by Staci Layne Wilson
Arthur Kipps, a widowed lawyer whose grief has put his career in jeopardy, is sent to a remote village to sort out the affairs of a recently deceased eccentric. But upon his arrival, it soon becomes clear that everyone in the town is keeping a deadly secret. Although the townspeople try to keep Kipps from learning their tragic history, he soon discovers that the house belonging to his client is haunted by the ghost of a woman who is determined to find someone and something she lost... and no one, not even the children, are safe from her vengeance.
Woman in Black opened in theaters yesterday; here in the US or the whole entire month of January, horror films have opened at number one. So you're hopefully on a roll of a wave there.
Simon Oakes: What I feel about that, what I hope is, that the opening is not just the weekend. As you know, these films can have a great success, and then they disappear again. I hope Woman in Black has some legs and attracts a wider audience. We will see what happens.
How did you first encounter [screenwriter] Jane Goldman and what made you think she would be the one to write this screenplay?
Simon Oakes: I knew her novel. She had written some genre novels. She had been on record as sort of a Gothic kind of character. I got word that she had a passion for J. horror, and I thought she would bring sort of a contemporary feel to The Woman in Black because she wrote Kick Ass, X-Men and on. To be honest with you, on a wing and a prayer, I got a hold of her and I pitched The Woman in Black. She remembered this novel from her youth. It didn't go anywhere else. She jumped on board really really quickly and sort of made it her own. We were very fortunate because she's probably one of the most sought after screenwriters in the world now. We were very lucky to get her when we did.
Can you talk a little bit about what sort of nuance that Daniel Radcliffe brings to this role and how he makes it his own?
Simon Oakes: Daniel read the screenplay the day after the last day of filming the Harry Potter series. He read it on the plane. And then by Sunday night, I heard him say that he definitely wanted to play Arthur Kipps and he met with the directors. He was full of desire for that part [but he] sort of doubted that he could pull it off. [Kipps] was a father, he was recently widowed. He was the father of a young child. Very soon James Watts the director, realized that he could pull it off and I think one of the things was that the part requires a lot of energy but also requires the ability to act off other actors. A very reactive performance. I think he has some depth to him because he's been acting since 10 years of age, and often acting against very big heavyweight actors that he knows. Whether be his Dumbledore or whether it be Gary Oldman whether it be Ralph Fiennes… great performers. So he had a lot of confidence. There wasn't really anybody else, we considered.
Now the director, James Watkins, how do you know him?
Simon Oakes: I know James because of Eden Lake, which was his first film; he showed a lot of promise, I knew that he was brilliant. I think he's done a tremendous job. I think when you see this film. I think you will agree with us..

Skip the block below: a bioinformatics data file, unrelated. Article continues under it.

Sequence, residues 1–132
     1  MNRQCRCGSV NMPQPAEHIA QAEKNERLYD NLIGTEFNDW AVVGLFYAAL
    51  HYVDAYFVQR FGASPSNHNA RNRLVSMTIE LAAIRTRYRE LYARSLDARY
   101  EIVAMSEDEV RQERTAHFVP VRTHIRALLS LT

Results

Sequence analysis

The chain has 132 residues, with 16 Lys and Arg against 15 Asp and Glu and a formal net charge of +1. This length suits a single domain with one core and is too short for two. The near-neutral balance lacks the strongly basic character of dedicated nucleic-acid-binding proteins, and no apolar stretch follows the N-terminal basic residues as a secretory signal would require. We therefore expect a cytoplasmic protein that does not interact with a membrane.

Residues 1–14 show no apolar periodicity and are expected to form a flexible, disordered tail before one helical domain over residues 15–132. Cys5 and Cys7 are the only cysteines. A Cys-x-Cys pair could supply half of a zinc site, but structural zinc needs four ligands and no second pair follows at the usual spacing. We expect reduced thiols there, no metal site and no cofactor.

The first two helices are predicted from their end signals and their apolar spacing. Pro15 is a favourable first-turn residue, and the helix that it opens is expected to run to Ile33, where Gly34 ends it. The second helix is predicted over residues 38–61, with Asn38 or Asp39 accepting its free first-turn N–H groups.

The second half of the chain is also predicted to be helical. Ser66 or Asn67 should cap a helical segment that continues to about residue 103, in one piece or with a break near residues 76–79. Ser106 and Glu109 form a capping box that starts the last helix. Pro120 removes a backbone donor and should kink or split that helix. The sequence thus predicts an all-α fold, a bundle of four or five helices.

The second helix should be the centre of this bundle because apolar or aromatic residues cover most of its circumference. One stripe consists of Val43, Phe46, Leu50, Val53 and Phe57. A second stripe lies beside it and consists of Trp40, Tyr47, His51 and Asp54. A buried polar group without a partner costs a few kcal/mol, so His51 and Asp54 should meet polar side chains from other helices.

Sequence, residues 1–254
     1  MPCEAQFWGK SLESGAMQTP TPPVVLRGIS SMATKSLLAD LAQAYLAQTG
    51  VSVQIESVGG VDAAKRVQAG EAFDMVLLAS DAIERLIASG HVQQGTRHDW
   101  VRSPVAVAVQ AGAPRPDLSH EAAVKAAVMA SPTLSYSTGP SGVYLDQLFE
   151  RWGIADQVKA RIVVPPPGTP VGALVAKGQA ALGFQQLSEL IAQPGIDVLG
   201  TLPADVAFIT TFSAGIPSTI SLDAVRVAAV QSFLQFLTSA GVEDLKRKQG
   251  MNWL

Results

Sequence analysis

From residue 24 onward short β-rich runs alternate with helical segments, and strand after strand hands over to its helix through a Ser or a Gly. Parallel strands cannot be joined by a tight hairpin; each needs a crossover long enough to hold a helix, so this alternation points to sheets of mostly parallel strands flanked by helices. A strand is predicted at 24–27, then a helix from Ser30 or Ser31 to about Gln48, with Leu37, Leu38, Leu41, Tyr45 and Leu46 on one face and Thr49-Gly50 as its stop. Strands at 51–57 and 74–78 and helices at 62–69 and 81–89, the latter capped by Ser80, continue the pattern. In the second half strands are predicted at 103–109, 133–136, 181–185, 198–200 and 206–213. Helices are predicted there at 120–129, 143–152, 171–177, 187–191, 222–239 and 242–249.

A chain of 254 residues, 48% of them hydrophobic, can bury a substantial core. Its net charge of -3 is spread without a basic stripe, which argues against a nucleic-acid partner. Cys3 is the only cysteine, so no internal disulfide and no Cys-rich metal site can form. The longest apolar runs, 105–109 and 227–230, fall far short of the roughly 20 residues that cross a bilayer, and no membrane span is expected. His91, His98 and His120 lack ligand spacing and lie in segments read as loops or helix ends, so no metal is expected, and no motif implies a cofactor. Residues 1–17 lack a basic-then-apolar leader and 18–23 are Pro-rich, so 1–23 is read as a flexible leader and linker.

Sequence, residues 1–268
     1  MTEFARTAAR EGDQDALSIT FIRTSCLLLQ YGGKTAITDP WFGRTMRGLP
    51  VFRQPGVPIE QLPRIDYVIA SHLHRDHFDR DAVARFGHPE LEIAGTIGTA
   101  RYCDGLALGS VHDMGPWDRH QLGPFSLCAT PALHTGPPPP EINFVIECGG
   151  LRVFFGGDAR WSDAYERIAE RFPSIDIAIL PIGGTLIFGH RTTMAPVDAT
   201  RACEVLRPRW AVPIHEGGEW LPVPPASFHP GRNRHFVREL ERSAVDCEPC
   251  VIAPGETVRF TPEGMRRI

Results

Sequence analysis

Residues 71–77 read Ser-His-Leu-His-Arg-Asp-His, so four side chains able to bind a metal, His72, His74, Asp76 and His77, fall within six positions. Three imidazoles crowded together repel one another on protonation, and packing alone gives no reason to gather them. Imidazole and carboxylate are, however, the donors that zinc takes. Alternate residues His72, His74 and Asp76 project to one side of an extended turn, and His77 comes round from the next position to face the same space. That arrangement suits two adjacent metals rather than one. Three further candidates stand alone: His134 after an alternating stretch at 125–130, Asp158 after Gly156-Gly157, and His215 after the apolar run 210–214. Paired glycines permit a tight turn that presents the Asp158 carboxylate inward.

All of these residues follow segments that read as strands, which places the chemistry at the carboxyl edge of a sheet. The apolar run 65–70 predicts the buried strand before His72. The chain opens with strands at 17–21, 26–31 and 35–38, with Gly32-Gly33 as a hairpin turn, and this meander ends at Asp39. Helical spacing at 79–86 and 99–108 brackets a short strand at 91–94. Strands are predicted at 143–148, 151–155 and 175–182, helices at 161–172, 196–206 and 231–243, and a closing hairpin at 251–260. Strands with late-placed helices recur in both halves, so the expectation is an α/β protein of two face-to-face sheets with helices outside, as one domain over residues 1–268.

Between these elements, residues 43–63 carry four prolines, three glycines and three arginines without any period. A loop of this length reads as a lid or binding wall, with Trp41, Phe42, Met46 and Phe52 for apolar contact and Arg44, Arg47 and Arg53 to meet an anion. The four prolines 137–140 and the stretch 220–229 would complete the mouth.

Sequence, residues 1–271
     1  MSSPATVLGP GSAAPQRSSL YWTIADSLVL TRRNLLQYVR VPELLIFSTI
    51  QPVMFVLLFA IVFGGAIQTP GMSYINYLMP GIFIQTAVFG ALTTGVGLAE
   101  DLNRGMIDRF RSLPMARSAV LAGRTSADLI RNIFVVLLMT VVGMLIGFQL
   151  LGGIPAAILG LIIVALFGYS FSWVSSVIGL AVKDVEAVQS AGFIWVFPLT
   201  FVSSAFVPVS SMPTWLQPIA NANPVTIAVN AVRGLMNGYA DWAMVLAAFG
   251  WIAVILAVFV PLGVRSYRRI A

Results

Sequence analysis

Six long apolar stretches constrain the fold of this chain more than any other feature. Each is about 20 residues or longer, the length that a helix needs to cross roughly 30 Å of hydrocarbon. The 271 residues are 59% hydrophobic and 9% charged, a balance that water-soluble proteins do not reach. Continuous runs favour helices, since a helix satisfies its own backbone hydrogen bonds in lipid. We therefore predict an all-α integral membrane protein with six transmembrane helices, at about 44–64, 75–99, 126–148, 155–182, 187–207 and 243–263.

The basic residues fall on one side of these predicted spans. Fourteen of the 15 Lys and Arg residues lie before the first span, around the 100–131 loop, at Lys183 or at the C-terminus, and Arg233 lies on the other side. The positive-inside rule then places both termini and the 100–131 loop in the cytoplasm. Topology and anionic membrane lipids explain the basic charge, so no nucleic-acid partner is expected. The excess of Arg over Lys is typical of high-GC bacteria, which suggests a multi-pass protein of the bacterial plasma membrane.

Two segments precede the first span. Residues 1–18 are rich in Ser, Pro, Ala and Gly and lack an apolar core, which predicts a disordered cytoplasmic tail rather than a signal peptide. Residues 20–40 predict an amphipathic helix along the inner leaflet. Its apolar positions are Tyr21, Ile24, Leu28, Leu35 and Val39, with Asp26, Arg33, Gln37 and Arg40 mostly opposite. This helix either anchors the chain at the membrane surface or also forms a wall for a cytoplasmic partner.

How do you feel about the phenomenon that just seems to keep going with the found footage and all the shaky cam? You're doing something very traditional and cinematic here, how do you feel about that trend and also how do you feel about how audiences might take this movie?
Simon Oakes: I have talked about this, that horror is a very broad brush. It's got everything from sort of Hitchcock's and Kubrick's, to James Wan and Eli Roth. It's a very broad brush. Is that an audience will believe if I say, old-fashioned. I think that's the wrong word. I think classical is the better word. I think that the better word for it is classical storytelling and being true to the genre. True to the period, making it look beautiful, and very much like keeping with the design of the screenplay in the original novella. So absolutely I think it's fine and I'm really thrilled if we're getting a young audience to come and see a movie like this. It shows that you don't have to have a hacked up body count by the end of the first reel to get people excited.
How much horror is actually present in this film for fans who are looking for a bit of the visceral? Is it mostly atmospheric, or… how would you describe it?
Simon Oakes: I think the fact of the matter is that I know that we've had all the test screenings in what happened last night in America, and here in the UK. You don't have to show something visceral to get people frightened. In fact, some arguments say that the less you show the more terrifying it can become. I think there is a right balance between some pretty visceral scary moments and what I would call the 'dread quotient'. It's a combination of those two things.
I am wondering also about the comparisons for the real horror geeks who know about the other version of The Woman in Black.
Simon Oakes: I just wouldn't compare them. The television show was made in 1989. I haven't seen it. It was a television film, it wasn't a movie. It wasn't the original screenplay, it was an adaptation of the book. And I specifically and deliberately didn't look at it. I don't know, I can't have that.
I am curious to know what else is in store for Hammer, what have you got coming up that you are excited about?
Simon Oakes: We've got a pretty actual slate we've got an adaptation ofBoneshaker which I think is very cool. The story was told in 1860 and I think the feel is very Hammer. There is another one, I can't tell you the name of the project because we haven't officially announced it yet. We have a poltergeist story in the works, we haven't announced officially. We're looking at a re-grouping of the Quatermass and were looking into a couple of the iconic characters that you like in the Hammer lexicon. Like Dracula and Frankenstein.